When the account was filed it showed that the trustee had paid to the son, William James Duffy, from the inception of the trust, one-half of the net income on the entire corpus of the trust as increased annually after the first year by the addition to the fund of the other half of the income. The three charitable institutions, to wit, St. Paul's Roman Catholic Orphan Asylum, the Little Sisters of the Poor, and the Home of the Good Shepherd of Allegheny, filed exceptions to the account involving the interpretation of the fifth clause of the will (and also other questions which need not be considered here). Two of the exceptions raised were whether the son, William James Duffy, was entitled to receive from the trustee half the income on the entire trust fund as annually augmented and increased or whether his income was limited to one-half the income on the original corpus. The examiner found that if the son was entitled to one-half of the income on the original corpus only, that the trustee had overpaid him, inclusive of interest, in the amount of $3,809.52. The auditing judge filed an opinion holding the accumulations of the income were unlawful and violative of the prohibition of the Act of April 18, 1853, P. L. 503, section 9, 20 P. S., section 3251, and that the wrongful accumulation belonged to the testator's next of kin: the son, William James Duffy, and the daughter, Sara Cunningham Duffy Border. A decree of distribution was thereupon entered, in which the accountant-trustee was surcharged in the amount of $3,809.52, as an overpayment by the trustee to William James Duffy, as beneficiary, and this amount was distributed in equal shares to William James Duffy and his sister, as next of kin. To this finding of the auditing judge exceptions were filed by all parties in interest, i. e., (1) by the accountant-trustee on the ground that the son, William James Duffy, was rightfully entitled under the will to the $3,809.52 paid him by the trustee, and same should not be surcharged to the trustee as an over-payment, and on the further ground that if the court was correct in holding the entire accumulation invalid, then the son was entitled to take as life tenant under the terms of the will; (2) by William James Duffy on the ground that he was entitled to the item of $3,809.52, and that if the accumulation was bad he was entitled to half of the entire amount of the accumulation; and (3) by the charitable institutions on the ground that the accumulations were valid and that they were entitled to be credited with all of the income thereon. The court in banc reversed the decision of the auditing judge and held that the accumulation was valid, and that testator's son, William James Duffy, was entitled to receive only one-half of the income from the trust fund as it was when it came into being after the testator's death. On the same day the court entered a decree sustaining the exceptions of the charitable institutions, dismissing the exceptions of the trustee, and of William J. Duffy, and amending the decree of distribution entered March 22, 1933, by striking out the distribution of $1,904.76, made to William James Duffy, and of a similar amount to Sara Cunningham Duffy Border, and awarding the total sum of $3,809.52 to the trustee under the will, to be held for the benefit of the charitable institutions. To this decree an exception was taken. This appeal followed.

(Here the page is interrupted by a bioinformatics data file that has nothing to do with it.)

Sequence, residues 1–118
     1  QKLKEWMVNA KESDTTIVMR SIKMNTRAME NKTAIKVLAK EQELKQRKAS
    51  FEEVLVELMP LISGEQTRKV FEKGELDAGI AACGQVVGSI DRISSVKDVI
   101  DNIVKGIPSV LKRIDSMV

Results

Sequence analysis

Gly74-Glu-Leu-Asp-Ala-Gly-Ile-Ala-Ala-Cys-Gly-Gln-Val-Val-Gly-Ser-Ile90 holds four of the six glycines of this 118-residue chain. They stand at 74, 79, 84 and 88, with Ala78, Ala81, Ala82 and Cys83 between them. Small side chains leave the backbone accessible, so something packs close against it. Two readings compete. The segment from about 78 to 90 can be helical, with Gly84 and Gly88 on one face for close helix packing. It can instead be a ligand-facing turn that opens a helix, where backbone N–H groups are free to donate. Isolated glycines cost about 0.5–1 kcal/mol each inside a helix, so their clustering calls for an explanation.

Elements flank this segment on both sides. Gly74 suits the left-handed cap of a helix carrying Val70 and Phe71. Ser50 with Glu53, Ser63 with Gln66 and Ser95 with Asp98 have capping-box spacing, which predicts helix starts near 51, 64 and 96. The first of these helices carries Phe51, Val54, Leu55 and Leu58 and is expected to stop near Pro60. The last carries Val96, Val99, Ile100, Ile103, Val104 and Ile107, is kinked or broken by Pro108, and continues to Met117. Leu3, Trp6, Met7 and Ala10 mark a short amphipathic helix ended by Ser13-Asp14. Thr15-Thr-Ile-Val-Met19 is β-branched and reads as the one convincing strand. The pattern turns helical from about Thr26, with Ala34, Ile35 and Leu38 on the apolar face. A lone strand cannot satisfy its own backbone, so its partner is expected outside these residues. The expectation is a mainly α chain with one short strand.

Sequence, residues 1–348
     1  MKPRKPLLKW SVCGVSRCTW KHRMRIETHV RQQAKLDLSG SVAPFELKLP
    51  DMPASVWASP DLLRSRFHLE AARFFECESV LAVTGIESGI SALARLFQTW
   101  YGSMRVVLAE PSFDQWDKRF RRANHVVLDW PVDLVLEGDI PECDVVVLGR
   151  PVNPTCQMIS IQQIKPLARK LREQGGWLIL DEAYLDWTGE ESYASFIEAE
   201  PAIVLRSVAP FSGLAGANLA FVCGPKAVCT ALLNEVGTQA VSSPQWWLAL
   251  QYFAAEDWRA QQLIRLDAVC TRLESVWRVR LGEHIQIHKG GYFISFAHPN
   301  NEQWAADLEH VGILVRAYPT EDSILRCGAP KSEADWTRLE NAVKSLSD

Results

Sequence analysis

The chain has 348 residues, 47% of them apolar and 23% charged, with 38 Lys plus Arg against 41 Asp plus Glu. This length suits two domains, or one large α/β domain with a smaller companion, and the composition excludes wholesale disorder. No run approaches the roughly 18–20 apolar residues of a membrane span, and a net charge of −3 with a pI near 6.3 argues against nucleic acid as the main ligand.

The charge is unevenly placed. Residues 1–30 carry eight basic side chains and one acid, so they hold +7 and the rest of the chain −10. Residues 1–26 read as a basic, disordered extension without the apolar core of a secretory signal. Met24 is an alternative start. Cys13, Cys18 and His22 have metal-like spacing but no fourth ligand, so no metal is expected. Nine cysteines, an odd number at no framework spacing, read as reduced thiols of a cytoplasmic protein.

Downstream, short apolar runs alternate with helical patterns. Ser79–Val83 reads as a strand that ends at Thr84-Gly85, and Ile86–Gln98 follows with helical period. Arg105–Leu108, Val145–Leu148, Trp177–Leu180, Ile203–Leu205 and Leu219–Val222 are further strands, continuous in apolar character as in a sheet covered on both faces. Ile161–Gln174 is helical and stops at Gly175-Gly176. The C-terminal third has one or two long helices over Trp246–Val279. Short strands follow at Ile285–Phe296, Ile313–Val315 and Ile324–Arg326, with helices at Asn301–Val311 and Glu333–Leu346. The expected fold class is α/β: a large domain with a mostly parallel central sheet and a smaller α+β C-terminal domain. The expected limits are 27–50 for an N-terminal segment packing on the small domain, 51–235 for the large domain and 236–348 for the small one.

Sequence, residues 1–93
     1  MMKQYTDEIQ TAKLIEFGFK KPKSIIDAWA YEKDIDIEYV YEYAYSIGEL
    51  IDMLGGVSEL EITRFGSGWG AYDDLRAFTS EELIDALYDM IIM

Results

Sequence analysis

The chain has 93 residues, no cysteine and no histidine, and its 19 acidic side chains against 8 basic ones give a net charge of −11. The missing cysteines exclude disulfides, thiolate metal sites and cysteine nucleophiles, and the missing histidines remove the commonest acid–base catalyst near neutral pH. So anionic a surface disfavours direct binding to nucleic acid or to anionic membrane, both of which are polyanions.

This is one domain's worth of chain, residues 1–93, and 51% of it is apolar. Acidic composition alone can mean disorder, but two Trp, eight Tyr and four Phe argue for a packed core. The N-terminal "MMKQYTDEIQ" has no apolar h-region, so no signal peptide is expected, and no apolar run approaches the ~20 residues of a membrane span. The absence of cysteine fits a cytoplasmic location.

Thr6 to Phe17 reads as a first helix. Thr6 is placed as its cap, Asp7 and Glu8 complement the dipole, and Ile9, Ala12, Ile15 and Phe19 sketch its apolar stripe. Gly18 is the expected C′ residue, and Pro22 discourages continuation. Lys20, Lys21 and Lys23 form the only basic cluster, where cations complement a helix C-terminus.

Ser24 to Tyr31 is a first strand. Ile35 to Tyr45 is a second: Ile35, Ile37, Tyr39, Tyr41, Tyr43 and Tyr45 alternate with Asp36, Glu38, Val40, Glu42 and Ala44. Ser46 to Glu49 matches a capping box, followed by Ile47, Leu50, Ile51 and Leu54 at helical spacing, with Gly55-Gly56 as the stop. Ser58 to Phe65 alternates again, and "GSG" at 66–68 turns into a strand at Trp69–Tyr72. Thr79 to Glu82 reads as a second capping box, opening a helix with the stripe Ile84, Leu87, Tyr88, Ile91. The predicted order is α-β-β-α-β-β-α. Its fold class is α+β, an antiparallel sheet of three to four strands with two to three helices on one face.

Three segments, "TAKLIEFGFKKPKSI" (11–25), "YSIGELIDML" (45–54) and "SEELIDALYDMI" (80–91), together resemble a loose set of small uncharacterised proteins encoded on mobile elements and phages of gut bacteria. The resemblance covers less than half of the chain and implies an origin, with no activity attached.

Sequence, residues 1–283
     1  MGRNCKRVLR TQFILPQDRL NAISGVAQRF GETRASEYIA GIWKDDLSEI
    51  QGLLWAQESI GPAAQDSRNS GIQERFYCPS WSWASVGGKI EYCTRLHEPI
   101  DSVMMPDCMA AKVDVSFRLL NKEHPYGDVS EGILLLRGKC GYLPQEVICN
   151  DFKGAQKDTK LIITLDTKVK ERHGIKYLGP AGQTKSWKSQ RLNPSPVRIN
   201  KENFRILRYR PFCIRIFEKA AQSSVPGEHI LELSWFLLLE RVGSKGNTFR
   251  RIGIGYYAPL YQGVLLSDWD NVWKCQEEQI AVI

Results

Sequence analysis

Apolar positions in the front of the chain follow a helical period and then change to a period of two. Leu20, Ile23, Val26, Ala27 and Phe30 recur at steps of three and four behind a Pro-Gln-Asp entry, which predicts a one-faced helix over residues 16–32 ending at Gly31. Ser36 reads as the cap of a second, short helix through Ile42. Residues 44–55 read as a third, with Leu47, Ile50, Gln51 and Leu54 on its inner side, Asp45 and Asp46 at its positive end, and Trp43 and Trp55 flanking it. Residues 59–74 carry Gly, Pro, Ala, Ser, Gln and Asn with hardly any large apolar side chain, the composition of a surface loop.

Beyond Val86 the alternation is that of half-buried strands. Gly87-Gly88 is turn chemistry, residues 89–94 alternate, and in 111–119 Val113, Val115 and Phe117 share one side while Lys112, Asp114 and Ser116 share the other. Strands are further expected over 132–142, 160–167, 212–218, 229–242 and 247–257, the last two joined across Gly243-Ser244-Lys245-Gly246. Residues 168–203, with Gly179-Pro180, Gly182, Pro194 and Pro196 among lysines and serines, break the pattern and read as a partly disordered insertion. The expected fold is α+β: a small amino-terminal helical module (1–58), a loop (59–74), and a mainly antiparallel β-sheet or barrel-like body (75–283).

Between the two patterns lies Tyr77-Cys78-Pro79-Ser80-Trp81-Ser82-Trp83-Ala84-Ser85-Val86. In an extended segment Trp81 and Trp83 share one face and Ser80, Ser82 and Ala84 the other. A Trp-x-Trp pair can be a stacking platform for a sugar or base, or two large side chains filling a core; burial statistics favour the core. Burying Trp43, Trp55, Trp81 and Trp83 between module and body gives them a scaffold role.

The question may be stated this way: When William James Duffy received one-half of the net income from the trust fund as it was at the time it came into being, and the other one-half of this net income was added annually by the trustee to the corpus of the trust fund, should the son afterwards have received (as he did) in addition to this one-half of the net income of the original corpus, also one-half of the net income on the accretions to that corpus? To put it concretely: If the original corpus of the trust fund was $10,000 and if it had been so invested as to yield annually 5% interest, Duffy should have received at the end of the first year one-half of the annual yield of $500, i. e., $250, but at the end of the second year should he have received also one-half of the 5% income (i. e., $6.25) on that accretion of the other $250 added at the end of the first year to the original corpus, and should he at the end of the third and succeeding years have received correspondingly increased incomes? He contends that he should; the three charitable institutions named in the will contend that one-half of the net income should have been added each year to the corpus of the estate and that all the succeeding annual yields from this income should have remained intact as part of the corpus until Duffy's death, when the whole of the trust fund is to be distributed.